The phrase »before 1789« has a special resonance for French historians. That date continues to exercise a teleological pull, such that all manner of features of French life in the 18th century tend to get enlisted as contributory causes of the breakdown of the old regime. If the emergence of publics, government criticism, reform, economic crisis, technological advances, calls for press freedom, increasing luxury or social flux had alone sufficed to create the conditions for revolution, though, the presence of these factors should have caused revolutions in a great many 18th-century European countries. The fact that this did not occur throws the underlying unease of historians into sharper relief: what signs might herald such a societal collapse, such a sudden rupture of an older order? Which tensions might contemporaries have resolved to avert such an outcome? The counterfactual nature of Revolutionary historiography contributes to the unsettling open-endedness of the event itself; historians continue to debate it from multiple perspectives, even 230 years later. As François Furet famously stated, »l’histoire de la Révolution a pour fonction sociale d’entretenir ce récit des origines«1. Jon Elster’s new book comes from the vantagepoint of a political philosopher, one of several different groups of scholars who contend over the meaning of the Revolution of 1789. It is informed by transnational comparisons with the situation in America before 1787, although that is to be discussed in a companion work yet to appear.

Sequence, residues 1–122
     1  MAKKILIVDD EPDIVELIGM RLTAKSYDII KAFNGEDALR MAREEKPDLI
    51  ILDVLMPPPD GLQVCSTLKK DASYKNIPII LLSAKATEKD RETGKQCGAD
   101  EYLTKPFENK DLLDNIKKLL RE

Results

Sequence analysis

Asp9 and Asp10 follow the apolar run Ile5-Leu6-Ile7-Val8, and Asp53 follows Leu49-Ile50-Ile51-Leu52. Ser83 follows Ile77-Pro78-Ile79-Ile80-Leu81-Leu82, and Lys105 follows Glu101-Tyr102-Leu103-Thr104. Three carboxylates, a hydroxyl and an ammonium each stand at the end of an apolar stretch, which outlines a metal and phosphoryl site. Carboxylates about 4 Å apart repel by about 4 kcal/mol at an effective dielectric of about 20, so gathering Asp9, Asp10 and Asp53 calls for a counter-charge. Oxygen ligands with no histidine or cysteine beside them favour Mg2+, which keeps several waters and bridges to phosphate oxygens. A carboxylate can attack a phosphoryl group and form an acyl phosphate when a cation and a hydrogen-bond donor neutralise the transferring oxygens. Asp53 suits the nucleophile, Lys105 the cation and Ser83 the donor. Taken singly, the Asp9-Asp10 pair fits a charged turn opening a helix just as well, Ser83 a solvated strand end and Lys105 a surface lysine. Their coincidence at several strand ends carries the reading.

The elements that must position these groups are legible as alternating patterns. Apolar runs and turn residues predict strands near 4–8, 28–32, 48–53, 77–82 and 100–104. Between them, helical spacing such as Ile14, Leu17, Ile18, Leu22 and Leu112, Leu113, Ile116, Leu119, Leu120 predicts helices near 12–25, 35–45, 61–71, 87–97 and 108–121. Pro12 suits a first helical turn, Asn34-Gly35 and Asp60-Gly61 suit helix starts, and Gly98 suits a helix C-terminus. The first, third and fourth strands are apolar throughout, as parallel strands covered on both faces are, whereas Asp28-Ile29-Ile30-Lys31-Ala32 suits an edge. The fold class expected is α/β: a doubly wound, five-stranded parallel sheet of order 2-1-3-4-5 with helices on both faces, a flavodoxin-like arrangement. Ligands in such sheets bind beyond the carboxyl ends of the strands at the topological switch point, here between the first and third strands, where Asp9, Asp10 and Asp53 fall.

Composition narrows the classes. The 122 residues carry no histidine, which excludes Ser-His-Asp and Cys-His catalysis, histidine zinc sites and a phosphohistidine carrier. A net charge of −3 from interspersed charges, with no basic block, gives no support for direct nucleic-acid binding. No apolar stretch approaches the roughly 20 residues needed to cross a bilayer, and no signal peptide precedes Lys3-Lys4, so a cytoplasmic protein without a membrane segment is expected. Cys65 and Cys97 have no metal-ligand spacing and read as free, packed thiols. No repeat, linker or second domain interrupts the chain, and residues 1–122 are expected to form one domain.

From a historian’s perspective, Elster’s book offers at once interesting avenues for exploration, and also a framework and structuring assumptions that at once stand out as problematic. He asserts that his analysis is informed by a combination of history and psychology as the two »main pillars of the social sciences« (p. X). However, neither of these fields is approached from the standpoint of a disciplinary specialist, and this makes the structure of the book hard to follow, as each chapter shifts around between different themes that seem at times only superficially connected by »emotions«, including anger, contempt, shame, self-love and fear. Elster is also fond of schematic representations of the relationships between cause and effect, or schematic classifications of features of old regime society that usually divide them into dyadic oppositions, such as »top-down« versus »bottom-up«, or »horizontal« versus »vertical«. For the most part, historian readers might allow these as methodological priorities stemming from the different disciplinary perspective Elster has, and to his credit, he has listened hard to leading historians and taken on board their comments. Still there are problems that arise from his method, which, rooted as they are in his distance from the field of history, mean that his political-scientific priorities create significant difficulties for his interpretations.